If the idea of having dozens of fish nibbling at your toes while you enjoy some traditional Indonesian cuisine sounds intriguing, you may want to check out this unique restaurant in Indonesia’s cultural capital of Yogyakarta.
Located far away from the city center, the Soto Cokro Kembang restaurant originally relied on a relaxing flower garden to attract patrons exhausted by the stress of urban life. However, when the owner’s father had the idea of turning the abandoned cow stalls nearby into a unique aquatic eating space, no one imagined that the quaint eatery would end up attracting people from all around the island nation. Owner Imam Nur says that the attention Soto Cokro Kembang is currently getting in the news and on social media is beyond what he ever imagined.
“We initially opened this restaurant just for locals living nearby,” Nur told AFP. “But what’s happening now is beyond what we had initially planned. It’s become like culinary tourism. Many people are coming here from different cities.”
But considering that dining in ankle-high water with thousands of small swimming around at your feet and nibbling at your skin isn’t the most common experience in the world, the popularity of this small restaurant is more than justified.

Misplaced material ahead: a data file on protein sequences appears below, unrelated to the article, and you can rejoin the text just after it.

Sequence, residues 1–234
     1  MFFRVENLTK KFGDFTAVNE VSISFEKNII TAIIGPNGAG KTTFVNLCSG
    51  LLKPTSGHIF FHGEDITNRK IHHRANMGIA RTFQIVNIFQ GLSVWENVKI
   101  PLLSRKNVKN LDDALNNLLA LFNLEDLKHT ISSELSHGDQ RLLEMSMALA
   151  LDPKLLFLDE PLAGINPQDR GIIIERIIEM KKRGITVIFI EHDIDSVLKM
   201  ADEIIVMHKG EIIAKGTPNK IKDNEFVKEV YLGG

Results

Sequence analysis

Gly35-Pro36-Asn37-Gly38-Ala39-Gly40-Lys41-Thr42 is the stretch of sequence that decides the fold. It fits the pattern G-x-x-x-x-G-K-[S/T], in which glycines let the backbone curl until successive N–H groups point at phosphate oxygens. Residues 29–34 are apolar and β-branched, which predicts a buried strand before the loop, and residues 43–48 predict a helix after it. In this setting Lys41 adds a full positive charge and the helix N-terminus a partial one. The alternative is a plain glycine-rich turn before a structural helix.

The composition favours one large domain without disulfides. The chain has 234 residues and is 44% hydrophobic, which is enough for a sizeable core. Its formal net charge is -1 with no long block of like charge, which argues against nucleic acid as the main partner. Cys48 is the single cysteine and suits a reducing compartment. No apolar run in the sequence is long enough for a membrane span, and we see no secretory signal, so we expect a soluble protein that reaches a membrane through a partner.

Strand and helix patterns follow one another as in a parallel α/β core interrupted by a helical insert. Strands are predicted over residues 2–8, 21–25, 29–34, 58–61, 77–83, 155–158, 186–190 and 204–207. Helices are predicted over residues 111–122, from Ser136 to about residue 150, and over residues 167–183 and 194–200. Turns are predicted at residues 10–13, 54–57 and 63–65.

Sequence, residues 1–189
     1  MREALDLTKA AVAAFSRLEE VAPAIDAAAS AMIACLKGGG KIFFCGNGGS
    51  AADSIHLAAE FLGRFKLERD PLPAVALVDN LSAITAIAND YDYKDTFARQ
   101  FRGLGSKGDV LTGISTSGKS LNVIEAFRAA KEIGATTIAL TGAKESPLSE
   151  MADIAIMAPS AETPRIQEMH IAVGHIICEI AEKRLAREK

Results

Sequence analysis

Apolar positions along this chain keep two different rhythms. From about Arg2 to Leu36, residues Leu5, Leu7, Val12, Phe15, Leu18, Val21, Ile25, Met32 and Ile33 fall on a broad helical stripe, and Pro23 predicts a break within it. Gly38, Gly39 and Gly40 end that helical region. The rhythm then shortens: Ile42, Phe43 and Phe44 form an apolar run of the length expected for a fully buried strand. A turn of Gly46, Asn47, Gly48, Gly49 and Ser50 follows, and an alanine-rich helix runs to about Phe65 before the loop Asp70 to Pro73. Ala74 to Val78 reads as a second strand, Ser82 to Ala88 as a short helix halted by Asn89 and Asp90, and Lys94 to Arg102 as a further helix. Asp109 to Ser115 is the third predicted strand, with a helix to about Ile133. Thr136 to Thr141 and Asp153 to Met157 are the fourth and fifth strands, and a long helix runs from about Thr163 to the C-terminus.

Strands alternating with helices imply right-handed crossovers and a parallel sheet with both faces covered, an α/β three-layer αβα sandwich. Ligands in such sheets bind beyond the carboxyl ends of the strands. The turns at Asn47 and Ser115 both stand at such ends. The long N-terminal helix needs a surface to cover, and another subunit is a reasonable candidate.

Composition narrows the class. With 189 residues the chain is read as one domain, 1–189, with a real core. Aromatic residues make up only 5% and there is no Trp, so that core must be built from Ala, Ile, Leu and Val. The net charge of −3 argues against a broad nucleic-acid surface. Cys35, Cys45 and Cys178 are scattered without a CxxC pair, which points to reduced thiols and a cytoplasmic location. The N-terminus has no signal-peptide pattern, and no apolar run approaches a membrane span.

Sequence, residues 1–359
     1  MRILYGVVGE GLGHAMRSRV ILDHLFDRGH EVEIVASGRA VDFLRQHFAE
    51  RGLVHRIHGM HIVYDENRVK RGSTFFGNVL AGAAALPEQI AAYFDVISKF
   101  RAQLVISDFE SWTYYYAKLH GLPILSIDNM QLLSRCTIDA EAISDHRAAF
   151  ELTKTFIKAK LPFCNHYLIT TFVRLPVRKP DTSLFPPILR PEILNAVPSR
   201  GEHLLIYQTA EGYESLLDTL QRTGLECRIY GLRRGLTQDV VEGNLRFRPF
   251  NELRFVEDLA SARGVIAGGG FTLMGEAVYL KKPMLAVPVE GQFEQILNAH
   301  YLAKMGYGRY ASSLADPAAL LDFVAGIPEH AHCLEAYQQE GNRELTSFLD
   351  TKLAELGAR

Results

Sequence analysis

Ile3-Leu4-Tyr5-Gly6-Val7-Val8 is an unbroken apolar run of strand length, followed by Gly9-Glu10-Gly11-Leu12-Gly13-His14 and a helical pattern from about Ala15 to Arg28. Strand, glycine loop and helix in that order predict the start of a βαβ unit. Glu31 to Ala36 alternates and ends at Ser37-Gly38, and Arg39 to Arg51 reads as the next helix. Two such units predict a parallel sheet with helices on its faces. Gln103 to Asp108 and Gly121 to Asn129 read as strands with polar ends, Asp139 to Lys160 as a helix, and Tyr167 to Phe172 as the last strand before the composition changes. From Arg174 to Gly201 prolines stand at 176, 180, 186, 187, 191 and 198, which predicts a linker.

Iman Nur’s father, Susanto, turned the old cow stalls into low-level pools and filled them with around 7,000 Red Nile Tilapia fish, the kind used by spas offering controversial fish pedicures.
“When the water is calm, usually the fish will get closer to the feet,” Susanto told Tribun News. “The visitor here said that their nibbling feels pretty good.”
Although fish pedicures have become very controversial in recent years, with some cities in North America and Europe going as far as to ban them following reports of bacterial infections and animal abuse, they are still popular in Asian countries. And since the “restaurant + fish pedicure” is very novel, people have been flocking to Soto Cokro Kembang ever since it opened last year.
The fish pedicure restaurant is located quite far from the main road from Yogyakarta, but the power of social media and people’s curiosity have been so great that the place has been struggling to cope with the attention.